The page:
Margaret Sanger, "Idaho Statesman Interview," 17 May 1935.
Source: " Margaret Sanger, Leading Advocate of Birth Control, Arrives in Boise, Idaho Statesman, May 17, 1935 ."
For Sanger's speech later that day, see Hotel Boise Speech, May 17, 1935.
Margaret Sanger, dressed in the latest of spring prints with white sports hat and coat, at the Hotel Boise Thursday did not appear to be the crusader who had spent a month in jail and been arrested eight other times, in her zeal for birth control legislation.
Mrs. Sanger will speak at the Y.W.C.A.this evening at 8 o'clock.
"I feel," she said, "that since legislation on birth control is now pending in Washington, the subject should be heard by the voters, both sides of it. At my meeting in Boise I shall be glad to hear objections from any who may be present, and shall try to answer them."
Mrs. Sanger opened the first clinic in the United Statesfor the dissemination of birth control knowledge in New York City. She was arrested, served 30 days in jail, and took her case to the highest court, where she won. At the present New York State, she says, is the only states in which doctors have the right to give this knowledge.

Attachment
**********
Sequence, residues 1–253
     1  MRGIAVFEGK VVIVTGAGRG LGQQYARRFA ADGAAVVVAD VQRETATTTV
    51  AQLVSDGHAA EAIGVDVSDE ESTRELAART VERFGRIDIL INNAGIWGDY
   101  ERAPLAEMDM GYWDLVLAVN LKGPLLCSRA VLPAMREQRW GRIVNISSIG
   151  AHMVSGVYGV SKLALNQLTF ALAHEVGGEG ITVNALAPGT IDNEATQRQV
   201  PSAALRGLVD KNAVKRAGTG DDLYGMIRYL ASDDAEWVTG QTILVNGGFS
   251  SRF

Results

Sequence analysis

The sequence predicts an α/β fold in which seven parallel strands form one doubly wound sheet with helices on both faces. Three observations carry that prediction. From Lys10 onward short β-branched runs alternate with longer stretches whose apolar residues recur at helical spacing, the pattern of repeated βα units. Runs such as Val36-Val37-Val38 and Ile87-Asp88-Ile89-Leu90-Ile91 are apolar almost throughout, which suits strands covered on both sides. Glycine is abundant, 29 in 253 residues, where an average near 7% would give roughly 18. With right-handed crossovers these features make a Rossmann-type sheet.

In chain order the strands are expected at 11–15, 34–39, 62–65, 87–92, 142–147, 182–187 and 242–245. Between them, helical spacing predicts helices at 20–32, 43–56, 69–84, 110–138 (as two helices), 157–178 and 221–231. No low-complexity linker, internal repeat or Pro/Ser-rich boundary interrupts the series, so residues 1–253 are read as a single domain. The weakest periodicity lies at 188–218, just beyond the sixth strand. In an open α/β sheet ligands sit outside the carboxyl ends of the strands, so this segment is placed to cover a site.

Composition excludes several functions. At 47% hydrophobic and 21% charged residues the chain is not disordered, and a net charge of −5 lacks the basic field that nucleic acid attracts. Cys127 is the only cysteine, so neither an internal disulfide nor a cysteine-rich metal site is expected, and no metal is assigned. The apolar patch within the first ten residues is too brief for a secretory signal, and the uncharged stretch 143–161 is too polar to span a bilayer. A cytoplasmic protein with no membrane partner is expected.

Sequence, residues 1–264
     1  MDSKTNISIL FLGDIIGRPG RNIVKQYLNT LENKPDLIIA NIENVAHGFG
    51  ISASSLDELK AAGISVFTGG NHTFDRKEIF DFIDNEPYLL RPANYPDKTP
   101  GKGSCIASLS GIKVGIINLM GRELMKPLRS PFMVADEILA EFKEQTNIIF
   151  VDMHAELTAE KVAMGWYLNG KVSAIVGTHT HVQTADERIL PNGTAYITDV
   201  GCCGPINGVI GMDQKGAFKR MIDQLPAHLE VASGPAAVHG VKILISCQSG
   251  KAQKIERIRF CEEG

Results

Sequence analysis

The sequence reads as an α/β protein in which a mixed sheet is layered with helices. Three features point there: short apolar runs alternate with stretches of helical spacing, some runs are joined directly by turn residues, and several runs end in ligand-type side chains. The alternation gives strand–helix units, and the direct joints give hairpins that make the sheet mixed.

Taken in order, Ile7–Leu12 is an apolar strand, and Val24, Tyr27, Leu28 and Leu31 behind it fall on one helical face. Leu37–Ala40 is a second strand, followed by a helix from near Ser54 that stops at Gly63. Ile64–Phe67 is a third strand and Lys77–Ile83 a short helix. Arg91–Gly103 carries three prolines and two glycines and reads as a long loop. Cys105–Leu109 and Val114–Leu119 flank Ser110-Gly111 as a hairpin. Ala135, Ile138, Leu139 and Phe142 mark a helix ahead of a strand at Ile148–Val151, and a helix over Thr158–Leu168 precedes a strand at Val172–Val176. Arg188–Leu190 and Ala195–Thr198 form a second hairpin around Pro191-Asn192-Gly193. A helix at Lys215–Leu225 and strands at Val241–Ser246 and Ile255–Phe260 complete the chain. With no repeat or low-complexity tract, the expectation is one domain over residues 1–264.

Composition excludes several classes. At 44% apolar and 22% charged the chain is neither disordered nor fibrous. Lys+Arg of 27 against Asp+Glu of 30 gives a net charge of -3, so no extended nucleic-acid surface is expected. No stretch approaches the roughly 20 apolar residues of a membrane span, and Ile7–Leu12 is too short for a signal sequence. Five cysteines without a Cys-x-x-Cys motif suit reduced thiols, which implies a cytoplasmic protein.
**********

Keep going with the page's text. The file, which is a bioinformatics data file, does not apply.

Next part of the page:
"I find my strongest advocates among the social service workers," added Mrs. Sanger, and when you realize that with 4,000,000 families on relief, there were over 233,000 children born into these homes during the past year, you will see what an economic problem it is. We are trying to help correct the existing misunderstanding of our measure now before congress. It is to amend a law that passed 60 years ago and gives hospitals, clinics and physicians the legal right to disseminate information to correct poverty, overcrowding, child labor, infant mortality and other social problems.
A group met Mrs. Sanger and Mrs. Neil Alexander of Washington, D.C. at Hotel Boise Thursday and there will be another no-host luncheon today at 12 o'clock at the Owyhee Hotel. This is open to any persons interested in meeting Mrs. Sanger and Mrs. Alexander.
Mrs. Sanger will leave Boise Sunday.
Copyright, Margaret Sanger Project